Mumbai: The Reserve Bank of India’s (RBI) inflation-indexed bond linked to the Wholesale Price Index (WPI) has drawn mixed reactions from mutual fund (MF) houses.

The WPI bond, which has a coupon of 1.44%, was launched in June 2013 to give investors returns higher than the rise in wholesale prices. However, the bond prices crashed recently as RBI has shifted its focus to contain retail inflation. The total outstanding amount of these bonds is 6,500 crore, but the last auction for 500 crore had to be scrapped because the market asked for higher yields.

As a result, the prices of WPI bonds have crashed to 80 from a face value of 100. This indicates an implied interest rate, or yield of about 4% above WPI inflation. The last reading for inflation in January was 5.05%. Hence, an investor in these bonds will earn at least a 9.05% return—a seemingly attractive investment.

However, these bonds are not available for retail investors directly and one has to invest through MFs, something that some fund houses are hoping will lure in a lot of money before the fiscal year closes.

This view is not universal. While some fund houses want the bond for a low price, others want to stay away from it, fearing a further price drop in the absence of a liquid market.

Bond traders don’t trade on this bond any more, but there are some infrequent trades, mainly by fund houses trying to accumulate it. Banks want to get out of WPI bonds, given the steady drop in prices. In future, as everything gets measured in terms of consumer price-based inflation, this bond would likely become a dud and banks may not find buyers, they fear.

But those who don’t have any wish to sell this bond before its maturity in 2023 have no such worry. Investing through MFs has its own tax benefits as well, which is not the case with another inflation-indexed bond linked to inflation based on the Consumer Price Index (CPI). That bond, offering 1.5% above the CPI reading, is almost exclusively for retail investors. But it has failed to take off because of its tax implication, which is 30%. Fund houses are not allowed to tap into this bond, but they can buy the WPI bonds from the secondary market at a steep discount.

HDFC Asset Management Co. Ltd is bringing out a fixed maturity plan of nine years dedicated to WPI bonds. Another fund house, Deutsche Asset Management (India) Pvt. Ltd, has already an MF selling these bonds, while two more fund houses—SBI Funds Management Pvt. Ltd and Axis Asset Management Co. Ltd—have filed with the capital market regulator to float open-ended inflation-indexed bond funds.

Many fund houses have increased the share of the WPI bond in their portfolio. Recent MF data shows between September and January, SBI Dynamic Bond and SBI Magnum Income fund have increased the bond holding to 263 crore and 235 crore each, from 50 crore each in September. Various funds by ICICI Prudential Asset Management Co. Ltd have also increased the share of these bonds in January from almost nil in September. Fund houses of Kotak Asset Management Co. Ltd, Reliance Capital Ltd, etc., have also increased their share in these bonds.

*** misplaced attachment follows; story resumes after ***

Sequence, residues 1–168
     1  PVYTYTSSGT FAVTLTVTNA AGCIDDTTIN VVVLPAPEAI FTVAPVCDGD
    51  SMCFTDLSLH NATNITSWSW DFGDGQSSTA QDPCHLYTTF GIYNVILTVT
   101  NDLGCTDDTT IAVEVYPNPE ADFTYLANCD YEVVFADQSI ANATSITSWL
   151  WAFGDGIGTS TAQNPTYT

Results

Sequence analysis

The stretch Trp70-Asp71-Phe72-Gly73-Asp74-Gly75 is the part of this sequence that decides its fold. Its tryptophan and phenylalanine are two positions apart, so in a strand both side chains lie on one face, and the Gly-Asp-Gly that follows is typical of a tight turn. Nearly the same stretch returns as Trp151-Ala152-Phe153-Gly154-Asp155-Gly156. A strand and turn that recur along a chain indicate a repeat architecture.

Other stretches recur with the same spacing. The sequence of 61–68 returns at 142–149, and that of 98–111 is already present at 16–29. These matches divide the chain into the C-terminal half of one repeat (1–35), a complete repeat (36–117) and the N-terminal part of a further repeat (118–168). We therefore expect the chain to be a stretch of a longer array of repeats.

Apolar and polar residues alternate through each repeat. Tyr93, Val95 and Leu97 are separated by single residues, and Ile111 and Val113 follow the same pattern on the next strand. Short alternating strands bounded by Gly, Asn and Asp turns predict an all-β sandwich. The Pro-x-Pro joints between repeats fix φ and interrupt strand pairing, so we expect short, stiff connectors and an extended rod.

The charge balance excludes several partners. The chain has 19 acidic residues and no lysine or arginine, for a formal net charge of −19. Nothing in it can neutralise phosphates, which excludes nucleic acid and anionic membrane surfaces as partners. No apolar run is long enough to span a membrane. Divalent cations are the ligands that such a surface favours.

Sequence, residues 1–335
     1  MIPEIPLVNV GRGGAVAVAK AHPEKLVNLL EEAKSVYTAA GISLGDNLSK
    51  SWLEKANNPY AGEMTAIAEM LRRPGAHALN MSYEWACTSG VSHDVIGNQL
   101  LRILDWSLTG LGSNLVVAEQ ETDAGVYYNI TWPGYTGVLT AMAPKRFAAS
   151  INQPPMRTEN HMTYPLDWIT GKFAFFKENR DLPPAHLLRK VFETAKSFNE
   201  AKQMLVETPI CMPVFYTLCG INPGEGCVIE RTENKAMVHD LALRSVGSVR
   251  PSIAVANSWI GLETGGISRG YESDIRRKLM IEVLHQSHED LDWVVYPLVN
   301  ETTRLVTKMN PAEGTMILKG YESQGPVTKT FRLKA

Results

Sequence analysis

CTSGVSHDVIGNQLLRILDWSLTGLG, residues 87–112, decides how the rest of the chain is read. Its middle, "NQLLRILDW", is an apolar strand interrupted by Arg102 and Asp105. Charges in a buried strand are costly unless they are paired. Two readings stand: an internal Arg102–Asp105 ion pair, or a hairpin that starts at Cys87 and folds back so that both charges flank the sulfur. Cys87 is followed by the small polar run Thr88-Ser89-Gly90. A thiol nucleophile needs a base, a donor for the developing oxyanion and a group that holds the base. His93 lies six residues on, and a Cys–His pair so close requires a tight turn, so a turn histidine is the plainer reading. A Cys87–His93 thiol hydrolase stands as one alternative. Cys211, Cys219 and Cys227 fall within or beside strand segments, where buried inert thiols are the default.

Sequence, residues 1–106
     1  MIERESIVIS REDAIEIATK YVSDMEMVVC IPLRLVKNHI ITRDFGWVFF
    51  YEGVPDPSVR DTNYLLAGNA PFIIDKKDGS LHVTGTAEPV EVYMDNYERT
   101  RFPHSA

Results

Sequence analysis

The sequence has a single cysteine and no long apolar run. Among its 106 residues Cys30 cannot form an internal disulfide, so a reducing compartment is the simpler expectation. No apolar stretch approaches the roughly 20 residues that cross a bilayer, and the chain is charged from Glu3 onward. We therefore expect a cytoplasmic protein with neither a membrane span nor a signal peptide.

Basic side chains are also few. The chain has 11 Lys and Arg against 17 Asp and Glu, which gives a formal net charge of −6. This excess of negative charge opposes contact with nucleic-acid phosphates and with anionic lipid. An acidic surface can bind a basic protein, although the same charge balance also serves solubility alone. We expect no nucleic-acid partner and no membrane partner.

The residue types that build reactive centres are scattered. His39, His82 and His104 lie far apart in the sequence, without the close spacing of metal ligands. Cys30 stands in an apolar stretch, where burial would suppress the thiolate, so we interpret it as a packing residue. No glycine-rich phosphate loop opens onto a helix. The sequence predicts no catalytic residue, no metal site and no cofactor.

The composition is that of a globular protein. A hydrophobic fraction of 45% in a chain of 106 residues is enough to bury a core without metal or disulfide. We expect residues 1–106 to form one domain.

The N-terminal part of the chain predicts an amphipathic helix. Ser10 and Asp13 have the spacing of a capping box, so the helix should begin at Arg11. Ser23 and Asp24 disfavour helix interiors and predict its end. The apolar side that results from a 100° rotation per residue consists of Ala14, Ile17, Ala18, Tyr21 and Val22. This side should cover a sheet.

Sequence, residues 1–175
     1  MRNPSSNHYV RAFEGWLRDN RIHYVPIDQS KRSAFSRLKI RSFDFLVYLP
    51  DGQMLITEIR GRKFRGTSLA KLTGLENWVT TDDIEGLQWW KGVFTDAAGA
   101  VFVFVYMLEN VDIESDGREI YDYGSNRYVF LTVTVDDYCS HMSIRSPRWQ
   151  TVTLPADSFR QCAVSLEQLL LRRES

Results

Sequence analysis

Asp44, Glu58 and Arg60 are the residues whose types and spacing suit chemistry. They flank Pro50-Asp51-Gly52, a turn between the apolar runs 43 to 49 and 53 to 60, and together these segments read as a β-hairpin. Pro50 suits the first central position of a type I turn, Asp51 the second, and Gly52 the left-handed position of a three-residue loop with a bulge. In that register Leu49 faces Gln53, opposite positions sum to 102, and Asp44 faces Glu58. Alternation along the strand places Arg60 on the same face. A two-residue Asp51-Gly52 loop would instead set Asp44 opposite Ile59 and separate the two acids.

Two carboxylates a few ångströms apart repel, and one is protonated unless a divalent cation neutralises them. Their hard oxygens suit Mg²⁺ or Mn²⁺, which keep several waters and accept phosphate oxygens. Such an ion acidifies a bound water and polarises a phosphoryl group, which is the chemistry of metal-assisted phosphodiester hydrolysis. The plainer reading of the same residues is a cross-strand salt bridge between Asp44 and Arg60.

In mid-September, the price of the bond was 84, but by the end of January, the prices fell to about 80, prompting MF houses to buy the bond. Data for February is not yet available.

However, not all are so enthused.

“The bond is attractive, but we are not buying more than what we already own because the bond is not very widely traded," said Lakshmi Iyer, head of fixed income and products for Kotak Mahindra Asset Management Co. Ltd.

Axis Asset Management, even as it has applied to float an inflation-indexed bond fund, is yet to buy the bond in any of its existing schemes.

“The bond is definitely attractive, but we don’t own it, and we aren’t buying it any time soon," said R. Sivakumar, head of fixed income and products, Axis Asset Management. He did not rule out the possibility of including this bond in the portfolio, but liquidity is a problem.

The average spread between WPI and CPI has been 1.1%, but recently has increased to 3.74%. This is because of elevated food prices that has a weightage of 47.1% in the CPI but 24.3% in WPI. A committee led by RBI deputy governor Urjit Patel recommended that the central bank should bring down the average CPI inflation to 6% by fiscal year 2014-15. Fund houses are betting that the fall in CPI may not be in sync with a fall in WPI because WPI has more weightage in fuel and metals, which are controlled by international factors.

Still, some fund houses are sceptical about the prospect of a WPI fund.

“One mutual fund house came to us to sell the WPI-linked product. After much deliberation, we decided against it. We were proven right because the prices fell from 83 to 80. If everything moves to CPI, the fund house may not find a buyer for the bond when they want to exit," said a wealth manager with a large foreign bank who did not want to be named.

anup.r@livemint.com

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